Production Sharing Agreements (PSAs) are one of the most common structures used to regulate exploration and production of oil and gas reserves. PSAs are often used across the developing world as they strike a balance between full nationalization of a country’s oil industry and other structures where royalties are assessed and taxes paid. In this issue of Egypt Oil & Gas, we will explore the subject in depth, giving particular attention to contracts’ length and benefits and limitations of cost recovery.
Cost recovery is considered a cornerstone of Production Sharing Agreements (PSAs); as operators of the concession or international oil companies (IOCs) bear all operation and capital expenditures in a new concession as well as the risks, cost recovery has become a main mechanism through which the contractors are to recover their costs and generate profits.
Production Sharing Agreements (PSAs) in Egypt govern the relationship between the government and international oil companies (IOCs) for the exploration and field development of oil and gas. The agreements seek to strike a balance between Egypt maintaining sovereignty of its natural resources and the IOCs interests to maximize profit.
Egypt Oil & Gas sits with Maurizio Coratella, Edison Egypt’s General Manager for an exclusive interview
There are thousands of politically alienated and radicalized militants joining its ranks. There is an army of its supporters active on social media spinning its messages. They are releasing videos as gruesome as they are stylistically and technically advanced. Most notably, the group is shocking the world with its ability to rapidly expand its territory. This is IS, the self-proclaimed Islamic State of Iraq and Levant, a terrorist organization born from the ashes of Al-Qaeda in Iraq that is seeking the establishment of a new caliphate.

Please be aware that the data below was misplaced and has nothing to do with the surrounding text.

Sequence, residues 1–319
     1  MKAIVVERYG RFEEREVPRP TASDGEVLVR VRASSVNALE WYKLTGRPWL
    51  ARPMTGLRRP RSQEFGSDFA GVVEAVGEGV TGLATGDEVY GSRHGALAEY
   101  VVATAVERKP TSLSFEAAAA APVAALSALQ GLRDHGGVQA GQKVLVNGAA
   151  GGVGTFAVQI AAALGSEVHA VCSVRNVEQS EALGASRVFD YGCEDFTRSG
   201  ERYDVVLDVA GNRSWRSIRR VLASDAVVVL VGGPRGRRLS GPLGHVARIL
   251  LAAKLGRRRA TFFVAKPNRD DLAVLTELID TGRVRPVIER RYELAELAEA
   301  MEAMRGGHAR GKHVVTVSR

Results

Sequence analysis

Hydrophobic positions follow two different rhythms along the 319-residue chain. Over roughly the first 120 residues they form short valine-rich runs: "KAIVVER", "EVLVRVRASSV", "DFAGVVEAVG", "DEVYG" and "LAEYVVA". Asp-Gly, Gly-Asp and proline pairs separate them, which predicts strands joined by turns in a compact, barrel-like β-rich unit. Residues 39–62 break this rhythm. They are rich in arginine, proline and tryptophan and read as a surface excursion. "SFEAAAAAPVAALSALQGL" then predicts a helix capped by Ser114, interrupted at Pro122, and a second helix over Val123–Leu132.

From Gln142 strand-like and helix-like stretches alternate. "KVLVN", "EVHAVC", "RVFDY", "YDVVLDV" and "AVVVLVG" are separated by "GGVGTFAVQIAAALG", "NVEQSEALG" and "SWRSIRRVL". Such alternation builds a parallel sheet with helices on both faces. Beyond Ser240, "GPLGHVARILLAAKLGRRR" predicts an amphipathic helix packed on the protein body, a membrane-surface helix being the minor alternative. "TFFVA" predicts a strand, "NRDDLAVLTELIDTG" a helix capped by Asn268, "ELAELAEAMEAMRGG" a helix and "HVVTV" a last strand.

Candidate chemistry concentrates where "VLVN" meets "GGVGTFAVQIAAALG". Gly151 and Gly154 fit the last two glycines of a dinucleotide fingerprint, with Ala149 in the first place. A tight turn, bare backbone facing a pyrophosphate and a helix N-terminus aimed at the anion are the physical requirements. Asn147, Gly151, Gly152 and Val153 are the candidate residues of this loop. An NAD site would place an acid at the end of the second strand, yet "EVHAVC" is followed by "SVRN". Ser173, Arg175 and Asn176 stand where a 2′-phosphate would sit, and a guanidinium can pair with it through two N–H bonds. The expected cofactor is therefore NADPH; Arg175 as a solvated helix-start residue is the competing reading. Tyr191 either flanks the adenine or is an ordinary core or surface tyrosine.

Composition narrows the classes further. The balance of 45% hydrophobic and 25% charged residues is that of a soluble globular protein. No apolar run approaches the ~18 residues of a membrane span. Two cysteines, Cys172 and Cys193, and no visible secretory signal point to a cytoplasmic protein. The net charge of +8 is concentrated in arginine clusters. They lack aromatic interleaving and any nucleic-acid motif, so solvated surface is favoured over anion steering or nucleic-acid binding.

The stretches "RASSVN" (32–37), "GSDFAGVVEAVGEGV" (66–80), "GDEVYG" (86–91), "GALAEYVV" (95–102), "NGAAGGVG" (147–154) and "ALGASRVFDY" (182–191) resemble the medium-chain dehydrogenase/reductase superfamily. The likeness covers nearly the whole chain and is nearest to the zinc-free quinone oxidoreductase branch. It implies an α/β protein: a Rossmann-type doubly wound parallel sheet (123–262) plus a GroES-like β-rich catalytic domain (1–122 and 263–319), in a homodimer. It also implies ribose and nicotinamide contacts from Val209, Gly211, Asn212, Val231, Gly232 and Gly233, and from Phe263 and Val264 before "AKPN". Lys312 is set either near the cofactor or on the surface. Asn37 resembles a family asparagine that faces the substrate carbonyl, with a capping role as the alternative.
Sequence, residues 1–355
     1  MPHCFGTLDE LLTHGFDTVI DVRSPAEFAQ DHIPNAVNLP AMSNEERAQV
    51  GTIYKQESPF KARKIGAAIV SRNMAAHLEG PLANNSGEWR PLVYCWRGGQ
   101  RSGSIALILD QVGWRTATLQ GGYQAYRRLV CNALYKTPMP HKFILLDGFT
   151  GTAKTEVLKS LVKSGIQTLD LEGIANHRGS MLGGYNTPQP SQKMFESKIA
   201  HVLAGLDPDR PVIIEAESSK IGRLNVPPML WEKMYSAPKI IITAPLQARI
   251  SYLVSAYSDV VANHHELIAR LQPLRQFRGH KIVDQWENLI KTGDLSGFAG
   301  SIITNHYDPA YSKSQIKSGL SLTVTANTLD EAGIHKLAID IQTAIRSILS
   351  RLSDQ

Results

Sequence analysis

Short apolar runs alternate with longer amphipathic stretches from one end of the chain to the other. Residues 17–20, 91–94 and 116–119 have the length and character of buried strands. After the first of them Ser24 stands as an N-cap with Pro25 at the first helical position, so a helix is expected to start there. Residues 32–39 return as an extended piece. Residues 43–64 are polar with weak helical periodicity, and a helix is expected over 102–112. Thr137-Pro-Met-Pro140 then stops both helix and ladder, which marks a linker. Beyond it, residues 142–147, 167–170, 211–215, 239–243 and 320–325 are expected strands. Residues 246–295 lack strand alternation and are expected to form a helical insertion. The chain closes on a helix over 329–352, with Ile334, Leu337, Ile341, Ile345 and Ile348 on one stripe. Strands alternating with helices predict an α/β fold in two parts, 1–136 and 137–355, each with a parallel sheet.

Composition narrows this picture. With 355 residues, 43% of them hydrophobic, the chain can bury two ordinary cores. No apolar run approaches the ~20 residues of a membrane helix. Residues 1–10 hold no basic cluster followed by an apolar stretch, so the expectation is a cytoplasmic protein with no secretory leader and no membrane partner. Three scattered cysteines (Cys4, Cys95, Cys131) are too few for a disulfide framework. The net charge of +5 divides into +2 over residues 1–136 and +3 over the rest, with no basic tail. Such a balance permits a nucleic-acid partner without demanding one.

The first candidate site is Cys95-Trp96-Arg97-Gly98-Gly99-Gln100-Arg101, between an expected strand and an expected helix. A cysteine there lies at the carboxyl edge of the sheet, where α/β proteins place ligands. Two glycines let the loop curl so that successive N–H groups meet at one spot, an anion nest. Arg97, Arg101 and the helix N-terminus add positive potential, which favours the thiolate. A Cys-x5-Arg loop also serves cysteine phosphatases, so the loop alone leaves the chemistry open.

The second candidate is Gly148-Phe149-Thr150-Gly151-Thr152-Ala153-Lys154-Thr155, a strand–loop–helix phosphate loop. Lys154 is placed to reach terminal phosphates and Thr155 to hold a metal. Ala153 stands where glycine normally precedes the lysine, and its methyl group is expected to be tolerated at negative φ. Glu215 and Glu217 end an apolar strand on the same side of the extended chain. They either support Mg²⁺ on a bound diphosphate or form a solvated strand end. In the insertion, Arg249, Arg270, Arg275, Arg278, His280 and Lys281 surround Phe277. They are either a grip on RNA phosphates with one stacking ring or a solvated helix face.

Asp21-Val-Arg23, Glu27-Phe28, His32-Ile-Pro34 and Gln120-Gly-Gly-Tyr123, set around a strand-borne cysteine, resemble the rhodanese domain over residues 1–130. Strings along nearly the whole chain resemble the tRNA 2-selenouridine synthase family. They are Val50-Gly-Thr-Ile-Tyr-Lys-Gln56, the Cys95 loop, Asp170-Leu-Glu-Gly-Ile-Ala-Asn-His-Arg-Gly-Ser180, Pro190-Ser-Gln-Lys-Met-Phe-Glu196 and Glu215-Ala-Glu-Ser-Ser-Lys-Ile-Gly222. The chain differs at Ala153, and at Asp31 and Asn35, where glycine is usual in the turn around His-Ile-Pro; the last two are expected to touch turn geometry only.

Just a few years ago, it was inconceivable to think Egypt would ever look to Israel, or for that matter anyone, to import natural gas. Under a much criticized agreement with the Mubarak administration, Egypt, with copious amounts of natural gas reserves, exported gas to Israel via pipelines at a reduced market rate. Four years and two revolutions later, Egypt and Israel find themselves with reversed fortunes.
Egypt is the largest oil and natural gas consumer on the African continent. Its large population of 86 million –second only to Nigeria– consumed 20% of oil and 40% of natural gas in Africa in 2013. However, not all of the petroleum products used like gasoline, diesel, and jet fuel are refined domestically. According to OPEC’s annual statistical bulletin, Egypt imported 170,000 b/d of petroleum products in 2013. A ministry of petroleum official in a statement to Reuters last August confirmed that Egypt imports $1-1.3 billion worth of petroleum products per month. Despite recent agreements with gulf countries such as the UAE to provide Egypt with petroleum products at discounted rates, grants, and credit arrangements, the imports are still a great financial burden on the state and they further reduce its foreign reserves. If those products were refined locally, this would result in a significant price reduction and would provide some measure of relief for the state budget. The main question now becomes: Can Egypt produce those petroleum products in local refineries? If yes, then why resort to expensive imports? Answering that question requires understanding both the current technical and economic standing of Egypt’s refining industry.
PwC Egypt is pleased to announce its Global EU&M industry perspectives on the 18th Annual Global CEO Survey. As part of the Global CEO Survey research, PwC carried out 72 interviews with Oil & Gas CEOs from 39 countries, 73 P&U CEOs from 35 countries, and 25 Mining CEOs from 18 countries. PwC spoke face-to-face with the following CEOs:
Oil & Gas CEOs
Dr. Javier Genaro Gutiérrez Pemberthy, Chief Executive Officer, Ecopetrol, Colombia
Abdulrazaq Isa, CEO, Waltersmith Group, Nigeria
Power & Utilities CEO
H.E. Sim Sitha, Director General, Phnom Penh Water Supply Authority (PPWSA)
Andrew Mackenzie, Chief Executive Officer, BHP Billiton, Australia
Increasing power generation by using MPUs turbines (Mobile Power Units) with ISO power of 8.4 MW to cover the required power at karama fields.